In-situ Studies of Catalysts for Understanding of Catalytic Reactions

Doctoral Dissertation


Catalysis plays important roles in society. In particular, heterogeneous catalysis has proven to be the cornerstone of chemical and energy transformation, e.g. petrole-um refining, chemical production, and plays a significant role in the development of new technology for pollution control. Understanding of catalysis requires in-situ/operando studies of catalysts in their working condition. This requirement is non-trivial hence there exist a “materials gap” and “pressure gap” in fundamental studies of heterogene-ous catalysis. Attempt to narrow this “pressure gap” is described in this thesis. Through development of in-situ surface characterization techniques: high temperature near am-bient scanning tunneling microscopy (HT-NAP STM) and ambient pressure X-ray photoe-lectron spectroscopy (AP-XPS), in-situ studies of catalysts are realized. Examples of in-situ studies using these techniques, including visualization and surface chemistry charac-terization of model catalysts (mono-metalic and alloy) at atomic level under CO envi-ronment, and during CO oxidation, are described. The results reveal a dynamic atomic packing at the step edge of the Pt(111) surface which suggests restructuring of step edges of metal catalysts under reaction conditions and during catalysis. For Pt/Cu/Pt(111) near-surface alloy, In situ studies using HP-STM suggest formation of nanoclusters-like features at a relatively high pressure of CO (2 Torr) at room tempera-ture with the restructured surface being active for CO oxidation at room temperature. In addition, Rh(110) surface restructures from the (1 × 2) phase to (1 × 1) phase under CO oxidation environment at Torr regime. These results overall demonstrate the necessity of in-situ surface characterization of catalysts for comprehensive understanding of het-erogeneous catalysis.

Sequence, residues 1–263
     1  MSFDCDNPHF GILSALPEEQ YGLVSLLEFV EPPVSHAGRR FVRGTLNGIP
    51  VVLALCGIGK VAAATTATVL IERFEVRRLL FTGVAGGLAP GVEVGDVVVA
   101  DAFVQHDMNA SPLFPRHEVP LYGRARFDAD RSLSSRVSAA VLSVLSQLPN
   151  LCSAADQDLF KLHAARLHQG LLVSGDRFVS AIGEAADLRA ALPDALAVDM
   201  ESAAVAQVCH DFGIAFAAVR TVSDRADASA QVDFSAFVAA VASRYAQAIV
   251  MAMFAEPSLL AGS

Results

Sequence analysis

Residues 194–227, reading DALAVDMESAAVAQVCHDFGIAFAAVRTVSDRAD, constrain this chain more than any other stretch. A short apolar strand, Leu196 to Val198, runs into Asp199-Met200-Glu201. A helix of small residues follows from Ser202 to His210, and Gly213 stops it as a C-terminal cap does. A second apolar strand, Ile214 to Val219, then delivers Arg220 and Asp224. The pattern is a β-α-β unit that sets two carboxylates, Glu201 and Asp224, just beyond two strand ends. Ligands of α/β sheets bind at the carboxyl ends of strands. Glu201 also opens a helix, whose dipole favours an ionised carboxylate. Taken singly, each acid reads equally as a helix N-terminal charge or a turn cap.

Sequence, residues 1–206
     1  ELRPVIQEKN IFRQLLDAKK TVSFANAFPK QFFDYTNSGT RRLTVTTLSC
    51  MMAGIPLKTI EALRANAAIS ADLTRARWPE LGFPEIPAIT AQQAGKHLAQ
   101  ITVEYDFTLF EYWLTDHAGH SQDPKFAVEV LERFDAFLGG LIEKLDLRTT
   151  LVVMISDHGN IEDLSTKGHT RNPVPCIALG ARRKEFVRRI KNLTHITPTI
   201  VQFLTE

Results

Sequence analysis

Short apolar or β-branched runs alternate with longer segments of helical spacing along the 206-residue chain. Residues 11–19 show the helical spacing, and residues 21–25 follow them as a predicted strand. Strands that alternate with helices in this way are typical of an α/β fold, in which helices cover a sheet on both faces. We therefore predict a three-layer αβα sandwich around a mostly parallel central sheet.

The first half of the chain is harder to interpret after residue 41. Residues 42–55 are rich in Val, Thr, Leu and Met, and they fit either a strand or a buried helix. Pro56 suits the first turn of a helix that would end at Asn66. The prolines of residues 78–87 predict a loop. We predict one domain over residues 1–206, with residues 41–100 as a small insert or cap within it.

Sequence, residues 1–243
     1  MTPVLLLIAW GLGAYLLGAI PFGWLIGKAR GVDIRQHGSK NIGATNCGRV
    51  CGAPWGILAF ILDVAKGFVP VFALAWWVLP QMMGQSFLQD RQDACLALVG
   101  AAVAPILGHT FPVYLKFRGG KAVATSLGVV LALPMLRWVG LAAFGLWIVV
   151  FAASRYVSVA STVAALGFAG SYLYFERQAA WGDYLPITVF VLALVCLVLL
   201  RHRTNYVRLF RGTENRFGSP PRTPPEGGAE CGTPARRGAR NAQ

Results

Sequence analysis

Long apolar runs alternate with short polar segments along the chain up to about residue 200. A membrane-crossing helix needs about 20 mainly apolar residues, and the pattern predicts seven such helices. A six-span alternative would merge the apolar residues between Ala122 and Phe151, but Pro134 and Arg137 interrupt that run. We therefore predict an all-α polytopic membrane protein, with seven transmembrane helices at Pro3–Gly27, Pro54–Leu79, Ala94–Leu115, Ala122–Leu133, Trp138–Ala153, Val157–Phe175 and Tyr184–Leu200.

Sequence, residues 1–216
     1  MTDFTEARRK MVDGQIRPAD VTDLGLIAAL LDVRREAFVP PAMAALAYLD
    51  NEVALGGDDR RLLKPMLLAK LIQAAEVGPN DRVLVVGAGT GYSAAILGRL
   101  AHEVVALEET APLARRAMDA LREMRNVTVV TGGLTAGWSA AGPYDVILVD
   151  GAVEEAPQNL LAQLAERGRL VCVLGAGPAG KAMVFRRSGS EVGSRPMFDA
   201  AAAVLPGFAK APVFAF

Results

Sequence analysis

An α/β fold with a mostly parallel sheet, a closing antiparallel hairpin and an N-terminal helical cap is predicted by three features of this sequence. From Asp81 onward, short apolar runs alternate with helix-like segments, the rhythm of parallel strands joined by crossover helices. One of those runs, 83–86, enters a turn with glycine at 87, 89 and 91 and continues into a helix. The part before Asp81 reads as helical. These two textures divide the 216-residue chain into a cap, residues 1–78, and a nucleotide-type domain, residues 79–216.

Attribute NameValues
Author Luan T. Nguyen
Contributor Franklin Tao, Research Director
Contributor Ian Carmichael, Committee Member
Contributor S. Alex Kandel, Committee Member
Degree Level Doctoral Dissertation
Degree Discipline Chemistry and Biochemistry
Degree Name Doctor of Philosophy
Defense Date
  • 2016-04-05

Submission Date 2016-04-12
Record Visibility Public
Content License
  • All rights reserved

Departments and Units


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